A Massachusetts Institute of Technology professor has threatened to go on a hunger strike outside the provost’s office on February 5, 2007, if he is not granted tenure.
Dr. James L. Sherley, an associate professor of biological engineering, says he is also protesting against what he calls an onslaught of racism at MIT.
Sherley wrote a letter to his colleagues this week asking for support and calling for the resignation of Provost L. Rafael Reif.
“I will either see the provost resign and my hard-earned tenure granted at MIT, or I will die defiantly right outside his office,” Sherley wrote. “This is the strength of my conviction that racism in American [sic] must end. What better place to kill a small part of it than at a great institution like MIT.”
Sherley told The Boston Globe in a January 2005 article that although he had not experienced any overt racism at MIT, he still faced a hostile environment where he was labeled “stubborn” instead of “independent-minded.” At the time of the story, Sherley was one of 28 Black professors at the institution.
The stem cell scientist, who is also the son of a Baptist minister, has attracted attention because he does not believe in research using human embryonic stem cells. His stance has often led to loud, public arguments between Sherley and his colleagues. On Jan. 3, 2005, the director of the biological engineering division told Sherley that senior faculty did not believe that his case for tenure was strong enough.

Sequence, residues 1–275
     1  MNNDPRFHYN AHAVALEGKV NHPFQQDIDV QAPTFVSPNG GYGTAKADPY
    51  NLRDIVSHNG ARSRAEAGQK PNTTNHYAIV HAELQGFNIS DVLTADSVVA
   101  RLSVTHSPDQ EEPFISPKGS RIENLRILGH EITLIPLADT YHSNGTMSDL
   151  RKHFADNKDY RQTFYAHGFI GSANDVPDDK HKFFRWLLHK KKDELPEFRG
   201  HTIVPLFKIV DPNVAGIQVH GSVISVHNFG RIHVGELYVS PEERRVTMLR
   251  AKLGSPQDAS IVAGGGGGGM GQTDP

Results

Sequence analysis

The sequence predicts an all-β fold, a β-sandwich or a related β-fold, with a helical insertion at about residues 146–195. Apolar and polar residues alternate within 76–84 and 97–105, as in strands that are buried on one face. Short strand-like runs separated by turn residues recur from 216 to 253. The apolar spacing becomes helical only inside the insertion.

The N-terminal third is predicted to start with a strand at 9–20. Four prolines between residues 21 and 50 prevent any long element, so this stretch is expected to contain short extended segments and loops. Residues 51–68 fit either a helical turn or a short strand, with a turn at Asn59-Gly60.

“This is a case of an uppity Negro, and there is a strong faculty who would like to see me move on,” Sherley told the Globe.
“In light of MIT’s current initiatives to increase diversity among the ranks of tenured faculty, you should all be embarrassed that I have to be subjected to this,” he wrote in another e-mail to MIT faculty. “But then, has there ever been a single African-American tenure at MIT who was not?”
Reif ordered an investigation into Sherley’s case by three senior faculty members in late 2005. By January 2006, Reif concluded that there were no grounds to reconsider Sherley’s case for tenure. This week, Sherley was told that the decision to refuse him tenure.
An MIT spokesperson told Diverse that the institution has a well-established procedure for reviewing and granting tenure to faculty.
“This process is thorough and extensive and we are confident it was followed with integrity in this case,” said Patti Richards, a senior communications officer.
— By Shilpa Banerji
© Copyright 2005 by DiverseEducation.com